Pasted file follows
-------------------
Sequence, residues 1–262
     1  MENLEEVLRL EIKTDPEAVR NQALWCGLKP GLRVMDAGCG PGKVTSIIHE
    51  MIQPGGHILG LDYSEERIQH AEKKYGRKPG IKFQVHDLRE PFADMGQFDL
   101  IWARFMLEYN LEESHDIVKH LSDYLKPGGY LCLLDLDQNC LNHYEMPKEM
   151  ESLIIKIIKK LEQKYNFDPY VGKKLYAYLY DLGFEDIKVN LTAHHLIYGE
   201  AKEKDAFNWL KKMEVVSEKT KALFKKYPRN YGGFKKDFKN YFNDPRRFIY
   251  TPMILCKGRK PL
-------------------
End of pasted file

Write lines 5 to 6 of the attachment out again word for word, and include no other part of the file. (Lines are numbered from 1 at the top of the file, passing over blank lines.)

   151  ESLIIKIIKK LEQKYNFDPY VGKKLYAYLY DLGFEDIKVN LTAHHLIYGE
   201  AKEKDAFNWL KKMEVVSEKT KALFKKYPRN YGGFKKDFKN YFNDPRRFIY